My first piece of advice, check your credit report regularly and consider signing up with one of the bureaus credit monitoring programs so you are notified anytime a change is made on your credit report. You can get a copy of your credit report and learn about the monitoring programs at:

 

Equifax

 

Experian

 

Trans-Union

 

Here is a great resource page with lots of answers to FAQ's about ID theft and what to do if you are a victim of this crime.

 

With regards to Exhibit 18:

 

Ms. LaFerla is either ill-informed about how identity theft works or is trying to downplay a serious breach of consumer data. I'll let you decide the answer to that.

 

The truth is, there are several databases that crooks can use to run searches on people. All they need is a name, date of birth and city or state. The search will give them the current address and social security number of everyone with that name and DOB in that city or state. Now, the crook is armed with the patients name, DOB, SSN and current address. What else do they need to steal that persons identity?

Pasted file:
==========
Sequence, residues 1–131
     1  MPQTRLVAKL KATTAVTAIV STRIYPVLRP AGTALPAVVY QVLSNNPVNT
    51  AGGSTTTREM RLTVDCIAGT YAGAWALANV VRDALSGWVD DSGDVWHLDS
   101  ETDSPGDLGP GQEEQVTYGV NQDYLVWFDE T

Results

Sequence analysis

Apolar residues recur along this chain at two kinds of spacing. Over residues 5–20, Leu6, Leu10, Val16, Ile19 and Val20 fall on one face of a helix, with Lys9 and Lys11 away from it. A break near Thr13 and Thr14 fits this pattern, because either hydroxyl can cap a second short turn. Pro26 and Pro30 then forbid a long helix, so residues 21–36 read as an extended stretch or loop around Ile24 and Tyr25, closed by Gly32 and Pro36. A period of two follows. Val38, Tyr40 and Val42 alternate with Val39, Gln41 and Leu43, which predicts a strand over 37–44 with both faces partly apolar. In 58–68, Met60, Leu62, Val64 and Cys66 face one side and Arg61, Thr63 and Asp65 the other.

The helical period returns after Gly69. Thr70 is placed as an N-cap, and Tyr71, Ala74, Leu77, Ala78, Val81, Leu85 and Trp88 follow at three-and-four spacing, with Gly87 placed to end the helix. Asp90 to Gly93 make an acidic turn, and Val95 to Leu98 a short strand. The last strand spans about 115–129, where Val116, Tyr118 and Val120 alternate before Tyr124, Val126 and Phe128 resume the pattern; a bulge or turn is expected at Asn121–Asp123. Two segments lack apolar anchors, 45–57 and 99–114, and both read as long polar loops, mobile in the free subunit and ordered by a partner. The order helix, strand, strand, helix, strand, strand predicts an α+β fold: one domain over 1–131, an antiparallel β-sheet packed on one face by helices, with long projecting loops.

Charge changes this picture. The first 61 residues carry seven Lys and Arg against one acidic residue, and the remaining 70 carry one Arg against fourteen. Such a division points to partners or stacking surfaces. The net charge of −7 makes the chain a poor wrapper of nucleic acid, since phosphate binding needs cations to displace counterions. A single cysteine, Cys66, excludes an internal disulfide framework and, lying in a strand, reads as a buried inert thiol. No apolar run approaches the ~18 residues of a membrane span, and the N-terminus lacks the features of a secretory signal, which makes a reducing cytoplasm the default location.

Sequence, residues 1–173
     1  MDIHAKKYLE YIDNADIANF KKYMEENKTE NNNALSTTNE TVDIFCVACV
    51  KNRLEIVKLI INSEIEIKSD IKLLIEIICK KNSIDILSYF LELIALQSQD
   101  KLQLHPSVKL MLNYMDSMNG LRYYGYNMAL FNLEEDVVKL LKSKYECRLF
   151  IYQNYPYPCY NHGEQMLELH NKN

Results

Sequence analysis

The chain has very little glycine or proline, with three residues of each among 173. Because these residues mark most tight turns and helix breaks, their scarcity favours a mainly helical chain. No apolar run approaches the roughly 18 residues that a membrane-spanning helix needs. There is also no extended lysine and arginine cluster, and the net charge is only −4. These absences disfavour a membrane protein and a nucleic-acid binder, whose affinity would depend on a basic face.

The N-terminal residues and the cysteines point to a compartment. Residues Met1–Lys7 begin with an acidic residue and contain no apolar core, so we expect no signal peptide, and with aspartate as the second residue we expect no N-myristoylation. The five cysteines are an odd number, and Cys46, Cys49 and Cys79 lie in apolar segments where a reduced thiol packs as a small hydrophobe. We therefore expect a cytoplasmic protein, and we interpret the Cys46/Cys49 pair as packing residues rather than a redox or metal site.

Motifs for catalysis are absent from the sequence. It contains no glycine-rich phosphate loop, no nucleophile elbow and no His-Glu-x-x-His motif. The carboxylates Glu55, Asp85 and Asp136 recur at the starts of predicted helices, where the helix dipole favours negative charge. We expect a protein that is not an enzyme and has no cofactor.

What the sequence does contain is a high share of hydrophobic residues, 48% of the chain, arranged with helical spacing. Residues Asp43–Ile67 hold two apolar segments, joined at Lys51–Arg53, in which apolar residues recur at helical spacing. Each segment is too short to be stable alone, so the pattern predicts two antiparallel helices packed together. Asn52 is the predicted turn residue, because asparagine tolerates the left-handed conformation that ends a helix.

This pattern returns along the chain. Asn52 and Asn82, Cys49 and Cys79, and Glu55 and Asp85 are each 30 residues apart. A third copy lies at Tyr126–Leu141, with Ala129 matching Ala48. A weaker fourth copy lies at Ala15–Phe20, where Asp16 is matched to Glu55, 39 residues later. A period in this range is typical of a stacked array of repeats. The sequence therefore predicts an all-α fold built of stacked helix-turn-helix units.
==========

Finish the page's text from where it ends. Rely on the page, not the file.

What database allows a person to search and get SSN's on people you ask? Well, LexisNexis for one. While you are thinking about that, I direct you to take another look at exhibit 12.

 

For those interested inmy experience in this field, I have spent 11 years in the credit industry, and only offer my opinions as I see them. I speak for no one else within the industry.

 

Solutions?